By Eric Cocoletzi
Restaurants in Orange County and California--the whole U.S., really--would be crippled and worthless if not for the brown people who have arrived in droves during the past four decades. And of all the Latin Americans, the Mexican stands alone in this industry. The Mexican presence in the commercial kitchen has become a vital component and a necessity for every aspect of a productive and sustainable restaurant in the Golden State. They earned this status via a relentless work ethic and an undying spirit that strives for a better future, traits ignored by their home country but that blossom and bear fruits here--with us as the lucky eaters.
Hotel kitchens, hospital kitchens, restaurant kitchens, school commissaries, food trucks, anywhere involving the preparation of food and our consumption of it--this is now their home. Most will never return to Mexico despite the many attempts of the Right to force them out or make them feel unwelcome. Many never rise beyond anonymity, hamstrung by legal status or a lack of capital or the lucky breaks that come to young guns fresh out of a fancy school. These Mexicans have become foundation and scaffold--load bearers--for restaurants, fortifying them with ganas, sweat and an overwhelming desire to cook. Celebrity chef Anthony Bourdain put it best in his Kitchen Confidential: "The Ecuadorian, Mexican, Dominican and Salvadorian cooks I've worked with over the years make most CIA-educated white boys look like clumsy, sniveling little punks."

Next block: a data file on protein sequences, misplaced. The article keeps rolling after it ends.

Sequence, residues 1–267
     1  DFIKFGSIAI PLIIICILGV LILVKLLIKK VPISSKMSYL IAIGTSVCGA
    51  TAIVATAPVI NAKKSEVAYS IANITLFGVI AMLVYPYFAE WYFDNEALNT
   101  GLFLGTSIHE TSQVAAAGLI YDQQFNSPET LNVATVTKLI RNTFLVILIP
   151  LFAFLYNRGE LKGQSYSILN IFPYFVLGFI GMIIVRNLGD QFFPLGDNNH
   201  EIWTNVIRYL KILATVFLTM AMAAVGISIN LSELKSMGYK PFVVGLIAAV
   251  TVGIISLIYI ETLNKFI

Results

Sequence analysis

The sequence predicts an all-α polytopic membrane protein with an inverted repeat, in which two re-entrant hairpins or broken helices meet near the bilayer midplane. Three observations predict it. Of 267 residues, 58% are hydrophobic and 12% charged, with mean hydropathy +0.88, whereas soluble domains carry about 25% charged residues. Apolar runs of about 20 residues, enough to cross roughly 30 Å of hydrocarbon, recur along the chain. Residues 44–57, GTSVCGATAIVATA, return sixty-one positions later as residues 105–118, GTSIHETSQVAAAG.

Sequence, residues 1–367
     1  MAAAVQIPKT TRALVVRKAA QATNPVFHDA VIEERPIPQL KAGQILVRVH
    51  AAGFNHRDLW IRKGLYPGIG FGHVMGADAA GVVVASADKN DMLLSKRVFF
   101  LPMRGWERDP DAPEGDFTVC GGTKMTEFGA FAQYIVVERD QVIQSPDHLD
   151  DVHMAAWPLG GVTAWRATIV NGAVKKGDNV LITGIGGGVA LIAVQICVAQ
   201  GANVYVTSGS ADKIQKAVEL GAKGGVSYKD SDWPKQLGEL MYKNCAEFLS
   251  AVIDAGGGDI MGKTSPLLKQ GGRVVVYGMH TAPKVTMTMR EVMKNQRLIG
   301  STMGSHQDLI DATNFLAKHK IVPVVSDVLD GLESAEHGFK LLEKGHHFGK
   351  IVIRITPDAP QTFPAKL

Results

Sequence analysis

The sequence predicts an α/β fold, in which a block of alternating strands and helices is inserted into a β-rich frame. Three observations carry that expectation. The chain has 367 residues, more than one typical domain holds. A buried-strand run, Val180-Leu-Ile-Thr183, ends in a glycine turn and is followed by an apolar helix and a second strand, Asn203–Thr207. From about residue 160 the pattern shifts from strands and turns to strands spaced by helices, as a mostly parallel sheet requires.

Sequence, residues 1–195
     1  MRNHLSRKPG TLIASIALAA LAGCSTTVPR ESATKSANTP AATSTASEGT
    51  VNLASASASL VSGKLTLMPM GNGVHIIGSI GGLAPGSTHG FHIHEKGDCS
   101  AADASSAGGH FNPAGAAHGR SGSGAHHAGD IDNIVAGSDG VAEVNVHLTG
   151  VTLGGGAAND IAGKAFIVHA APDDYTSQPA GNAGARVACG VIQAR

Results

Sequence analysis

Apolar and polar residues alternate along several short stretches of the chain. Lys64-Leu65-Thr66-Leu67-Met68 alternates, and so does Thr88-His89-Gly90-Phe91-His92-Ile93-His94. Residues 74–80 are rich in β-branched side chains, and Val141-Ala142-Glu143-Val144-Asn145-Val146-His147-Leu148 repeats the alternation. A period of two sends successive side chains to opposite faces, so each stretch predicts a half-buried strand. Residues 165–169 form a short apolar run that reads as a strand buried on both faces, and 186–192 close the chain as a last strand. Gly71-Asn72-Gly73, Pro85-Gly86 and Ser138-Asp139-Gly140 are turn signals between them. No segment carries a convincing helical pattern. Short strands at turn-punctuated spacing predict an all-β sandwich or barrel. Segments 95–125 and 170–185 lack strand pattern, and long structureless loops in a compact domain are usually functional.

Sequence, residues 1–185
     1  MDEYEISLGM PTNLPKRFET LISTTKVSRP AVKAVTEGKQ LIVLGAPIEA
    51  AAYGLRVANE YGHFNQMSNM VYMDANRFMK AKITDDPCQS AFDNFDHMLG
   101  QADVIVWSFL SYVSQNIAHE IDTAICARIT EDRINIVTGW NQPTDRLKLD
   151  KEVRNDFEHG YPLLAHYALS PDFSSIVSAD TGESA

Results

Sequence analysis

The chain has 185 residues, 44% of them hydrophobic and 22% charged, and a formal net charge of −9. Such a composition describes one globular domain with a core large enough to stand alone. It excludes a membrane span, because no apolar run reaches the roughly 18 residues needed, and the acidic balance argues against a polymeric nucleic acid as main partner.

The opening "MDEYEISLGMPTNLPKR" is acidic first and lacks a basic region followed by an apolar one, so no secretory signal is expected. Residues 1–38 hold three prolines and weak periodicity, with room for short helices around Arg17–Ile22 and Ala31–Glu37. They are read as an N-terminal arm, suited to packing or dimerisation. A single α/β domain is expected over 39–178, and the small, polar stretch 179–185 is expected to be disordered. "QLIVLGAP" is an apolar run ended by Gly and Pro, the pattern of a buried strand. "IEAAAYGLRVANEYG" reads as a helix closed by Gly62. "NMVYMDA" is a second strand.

What's fascinating about our Mexicans in the kitchens, though, is their self-awareness. They know they're the backbone of practically every kitchen in Orange County, one way or another: the sous chef, the produce guy, the line cook, the porter, the lavaplatos (and let's set completely aside for the purposes of this essay those who pick the fruits and work in the slaughterhouses). What's more, they know that you know this as well, and they're extremely proud of it; some even boast about this perception.
But only amongst themselves.
They regard themselves as "heavy-machinery" and "workhorses" that dominate the restaurant industry, and they wholeheartedly believe they will continue to do so for years to come. The more deep-rooted reason they really believe this, it seems, is because they feel there is something in their blood that calls them to the kitchen. That sentiment gets planted in the heart of the primo who just came from Michoacán and stays strong in the veteran cooks with thirty-plus years under their aprons and kids away at college. Asked again and again, from Brea to San Clemente, cocineros couldn't explain what this "something" is when asked to put a name to it. They simply pointed at their chests and said, "It's in here."
It's almost inexplicable how Mexican immigrants, in particular, grabbed the American restaurant industry by the balls without formal culinary education. Or how they are able to easily learn and master any type of cuisine a chef asks them to: Japanese, Indian, Thai, Chinese, Italian, French, pizza. Pho in Little Saigon. Sangak at Wholesome Choice. Hipster meals. Hamburgers. Et cetera. And eaters are only vaguely aware that a Mexican made their sushi, plated their four-course meal. The only explanation that comes close in any way is that hoary engine for the American Dream and the moral in any rags-to-riches kind of story: Hard work. No complaining. Just do it.
That's all there is to them. And without Mexicans, OC diners would starve.
How hard do Mexican cooks work? Aron Habiger, executive chef at the North Left in downtown Santa Ana, explains their reputation in the restaurant industry in a very clear way. He recalls applying for a low-level chef position in his younger days. The boss asked Habiger why he should hire him and not the Mexican guy who was standing next to him.
The chef broke it down to Habiger this way: "This guy [The Mexican] will do anything I ask him to do. He'll work longer hours, he will never complain, he will never call in sick or ask for holidays off, and I can pay him close to nothing. . . . Why the hell should I hire you?"